11. A method for producing thread-cutting taps consisting of: producing an elongated generally circular in cross section steel blank, then plating the periphery of said blank with a fusible metal alloy, then surrounding said fusible metal alloy with a hollow cylindrical member of material relatively harder than that of said blank, then subjecting said blank and said hollow cylindrical member and said fusible metal to an elevated temperature for concurrently fusing said fusible metal to fuse connect said blank and said hollow cylindrical member and to concurrently heat-treat said blank, said then grinding flute grooves generally longitudinally in the peripheral portion of said hollow cylindrical member and grinding helical threadcutting tap thread portions in a peripheral portion of said hollow cylindrical member outward of the periphery of said fusible material and said blank; without touching the grinding medium to said fusible material or to said blank.

12. A method for producing thread-cutting taps consisting of: preparing an elongated generally circular in cross section steel blank and then surrounding said blank with a generally hollow cylindrical member having a bore in very close conformity with the periphery of said blank, then subjecting said blank and said hollow member to an elevated temperature and concurrently fusing said hollow cylindrical member onto said blank and heattreating said blank and then grinding recessed flutes longitudinally in said hollow cylindrical member and helical thread-cutting tap thread structures in the peripheral portion of said hollow cylindrical member.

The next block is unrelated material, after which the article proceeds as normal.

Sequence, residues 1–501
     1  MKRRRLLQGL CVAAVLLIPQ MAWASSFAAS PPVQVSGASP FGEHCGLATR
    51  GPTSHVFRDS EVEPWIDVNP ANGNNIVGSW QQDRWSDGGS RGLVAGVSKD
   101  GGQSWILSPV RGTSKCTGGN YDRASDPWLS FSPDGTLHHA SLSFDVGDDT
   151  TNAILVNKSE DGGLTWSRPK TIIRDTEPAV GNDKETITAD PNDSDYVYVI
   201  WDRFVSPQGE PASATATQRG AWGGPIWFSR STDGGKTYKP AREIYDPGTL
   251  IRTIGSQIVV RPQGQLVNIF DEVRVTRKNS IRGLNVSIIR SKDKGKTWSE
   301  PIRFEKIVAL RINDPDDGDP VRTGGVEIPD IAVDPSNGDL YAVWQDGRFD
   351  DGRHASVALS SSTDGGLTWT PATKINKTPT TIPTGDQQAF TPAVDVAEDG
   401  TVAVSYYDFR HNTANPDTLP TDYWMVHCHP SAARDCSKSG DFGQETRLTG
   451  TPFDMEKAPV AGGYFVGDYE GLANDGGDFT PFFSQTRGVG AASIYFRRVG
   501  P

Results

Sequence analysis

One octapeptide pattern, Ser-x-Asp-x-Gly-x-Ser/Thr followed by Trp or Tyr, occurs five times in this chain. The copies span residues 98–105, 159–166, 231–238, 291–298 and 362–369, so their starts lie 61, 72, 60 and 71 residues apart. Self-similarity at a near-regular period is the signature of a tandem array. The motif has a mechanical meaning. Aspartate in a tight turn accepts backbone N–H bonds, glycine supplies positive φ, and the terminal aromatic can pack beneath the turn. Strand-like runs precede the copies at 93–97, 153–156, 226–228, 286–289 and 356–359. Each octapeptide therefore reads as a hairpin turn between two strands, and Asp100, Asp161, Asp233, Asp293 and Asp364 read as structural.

13. A method for producing thread-cutting taps consisting of: preparing an elongated generally circular in cross section blank, surrounding said blank with a hollow cylindrical sleeve of relatively harder material, then subjecting said blank and said hollow cylindrical member to elevated temperature and concurrently fusing said hollow cylindrical member onto the periphery of said blank and heating said blank to the critical temperature of the material therein, then subjecting said blank and said hollow cylindrical member to a blast of inert gas for cooling said blank and said hollow cylindrical member to a temperature below critical oxidizing temperature, then further permitting said blank and said hollow cylindrical member to cool to a degree substantially above atmospheric pressure, then again subjecting said blank and said hollow cylindrical member to a proper tempering temperature for said steel blank, then permitting said blank and said hollow cylindrical member to cool and then grinding in the periphery of said hollow cylindrical member longitudinal flute grooves and helical thread cutting tap thread structures.